Example: You might do a cash-in refinance if having a lower LTV qualifies you for a lower mortgage rate or allows you to get rid of private mortgage insurance (PMI) payments. Read or listen to How to Avoid PMI on Your Home Loan for more information.
You may also need to refinance a mortgage if you want to remove a co-borrower, such as an ex-spouse, from your loan. But if one spouse doesn’t have sufficient income and credit to qualify for a refinance on his or her own, your best option may be to sell the property instead of refinancing the mortgage.
5 ways to know if it’s the right time to refinance
Here are five ways to know if doing a rate-and-term refinance is a good idea.
1. You have an adjustable-rate mortgage (ARM)
Buying a home with an adjustable-rate mortgage comes with lots of advantages like a lower rate, a lower monthly payment, and being able to qualify for a larger loan compared to a fixed-rate mortgage. With an ARM, when interest rates go down, your monthly payments get smaller.
Instead of worrying about how high your adjustable-rate payment could go, you might refinance to a fixed-rate loan.
But when ARM rates go up, you can feel panicked as your mortgage payment increases month after month. There are caps on annual increases, but your rate could double within just a few years if rates have a significant spike.
Instead of worrying about how high your adjustable-rate payment could go, you might refinance to a fixed-rate loan. That move would lock in a reasonable rate that will never change and make it easier to manage money and stick to a spending plan.
2. You could get a lower interest rate
If you bought a home when mortgage rates were higher than they are now, you’re in a great position to consider refinancing. As I mentioned, you need to do your homework to understand the cost and BEP fully.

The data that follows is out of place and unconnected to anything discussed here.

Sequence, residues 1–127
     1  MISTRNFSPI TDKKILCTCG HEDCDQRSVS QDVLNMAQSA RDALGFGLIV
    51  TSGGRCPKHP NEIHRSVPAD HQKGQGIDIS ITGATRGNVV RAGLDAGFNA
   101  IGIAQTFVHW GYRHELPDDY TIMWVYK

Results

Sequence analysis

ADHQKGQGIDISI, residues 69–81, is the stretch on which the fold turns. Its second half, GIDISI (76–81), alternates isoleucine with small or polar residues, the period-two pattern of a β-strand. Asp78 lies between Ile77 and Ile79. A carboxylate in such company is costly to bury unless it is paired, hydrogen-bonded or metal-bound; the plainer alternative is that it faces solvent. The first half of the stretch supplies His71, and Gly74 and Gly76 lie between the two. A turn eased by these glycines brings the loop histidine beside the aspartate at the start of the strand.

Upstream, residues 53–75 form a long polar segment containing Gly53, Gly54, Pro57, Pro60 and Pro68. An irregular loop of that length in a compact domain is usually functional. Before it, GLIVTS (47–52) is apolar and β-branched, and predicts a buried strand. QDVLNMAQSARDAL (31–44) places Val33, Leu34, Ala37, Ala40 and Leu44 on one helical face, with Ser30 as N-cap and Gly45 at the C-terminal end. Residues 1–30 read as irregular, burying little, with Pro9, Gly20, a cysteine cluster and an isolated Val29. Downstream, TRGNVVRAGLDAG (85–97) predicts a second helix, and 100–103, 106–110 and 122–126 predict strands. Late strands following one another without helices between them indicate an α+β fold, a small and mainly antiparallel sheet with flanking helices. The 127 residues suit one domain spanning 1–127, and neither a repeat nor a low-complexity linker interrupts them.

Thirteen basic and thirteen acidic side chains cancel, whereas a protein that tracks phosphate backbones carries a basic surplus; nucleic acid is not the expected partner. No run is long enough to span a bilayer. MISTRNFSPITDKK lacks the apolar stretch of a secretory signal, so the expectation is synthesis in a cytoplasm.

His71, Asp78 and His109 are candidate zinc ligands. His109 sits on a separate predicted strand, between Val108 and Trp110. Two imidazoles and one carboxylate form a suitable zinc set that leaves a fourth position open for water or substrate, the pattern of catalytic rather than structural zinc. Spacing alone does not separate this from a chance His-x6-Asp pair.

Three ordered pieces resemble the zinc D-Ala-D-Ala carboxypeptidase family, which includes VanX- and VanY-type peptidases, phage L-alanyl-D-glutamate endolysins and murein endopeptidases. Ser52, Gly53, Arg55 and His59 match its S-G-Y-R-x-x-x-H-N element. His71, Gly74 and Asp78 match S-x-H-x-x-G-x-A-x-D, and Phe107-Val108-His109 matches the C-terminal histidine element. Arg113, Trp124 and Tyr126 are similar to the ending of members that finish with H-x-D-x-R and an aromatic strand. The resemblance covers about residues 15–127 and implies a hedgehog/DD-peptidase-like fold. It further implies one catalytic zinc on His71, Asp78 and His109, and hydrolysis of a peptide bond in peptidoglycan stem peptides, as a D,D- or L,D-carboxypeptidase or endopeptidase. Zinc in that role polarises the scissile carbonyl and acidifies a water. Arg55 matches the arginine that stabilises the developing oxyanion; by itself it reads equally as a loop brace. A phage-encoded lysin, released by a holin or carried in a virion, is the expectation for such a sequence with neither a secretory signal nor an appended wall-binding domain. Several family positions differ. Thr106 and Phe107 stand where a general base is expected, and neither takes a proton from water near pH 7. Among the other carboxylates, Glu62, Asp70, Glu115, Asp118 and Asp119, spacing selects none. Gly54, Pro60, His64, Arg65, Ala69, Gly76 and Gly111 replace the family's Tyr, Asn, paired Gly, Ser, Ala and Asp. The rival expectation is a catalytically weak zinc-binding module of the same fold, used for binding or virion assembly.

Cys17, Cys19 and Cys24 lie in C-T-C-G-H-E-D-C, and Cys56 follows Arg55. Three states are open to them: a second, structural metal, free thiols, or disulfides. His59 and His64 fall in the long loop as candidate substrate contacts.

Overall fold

I recommend shopping for a refinance with the lender who holds your current mortgage, plus one or two different companies. Let your mortgage company know that you’re shopping for the best offer. They may be willing to waive specific fees if some of the necessary work, such as a title search, survey, or appraisal, is still current for your home.
3. You don’t plan on moving for several years
Once you know what a refinance will cost, make sure you’ll own your home long enough to pass the BEP, or you’ll end up losing money. For most homeowners, it typically takes owning your home for at least three years after a refinance to make it worthwhile.
4. You have enough home equity
As I mentioned, you typically need at least 20% equity to qualify for a refinance. If you have less, you may still find lenders that will work with you. However, unless your credit is excellent, you’ll typically pay a higher interest rate when you have low equity.
Also, if you don’t have 20% equity, lenders charge PMI. Adding that to your new loan could cut your savings and give you a much longer break-even point.
5. Your finances are in good shape.
The higher your income and credit, and the lower your debt, the better your refinancing terms will be. If you’re unemployed or your credit took a dive due to a hardship, wait until your overall financial situation has improved before making a mortgage application. Good credit can save thousands in mortgage interest.
Good credit can save thousands in mortgage interest.
If you investigate doing a refinance and decide that it’s not worth the cost, another strategy to save money is to ask your lender for a mortgage modification on your existing loan. You may be able to negotiate modified terms, such as a lower interest rate, without having to pay for a full-blown refinance.
If you’re unsure how much home equity you have or know that you have very little, don’t let that stop you from inquiring about your refinancing options and saving money. Getting advice and refinancing quotes from your lender is free and will help you understand your range of financial options.
As of early 2020, student loan debt in the nation had reached more than $1.5 trillion. More than 44 million individuals have student loan debt, and the average person with student loans owes a bit over $32,000âwhich is more than half of the average household income in the United States. As a new school year… Read More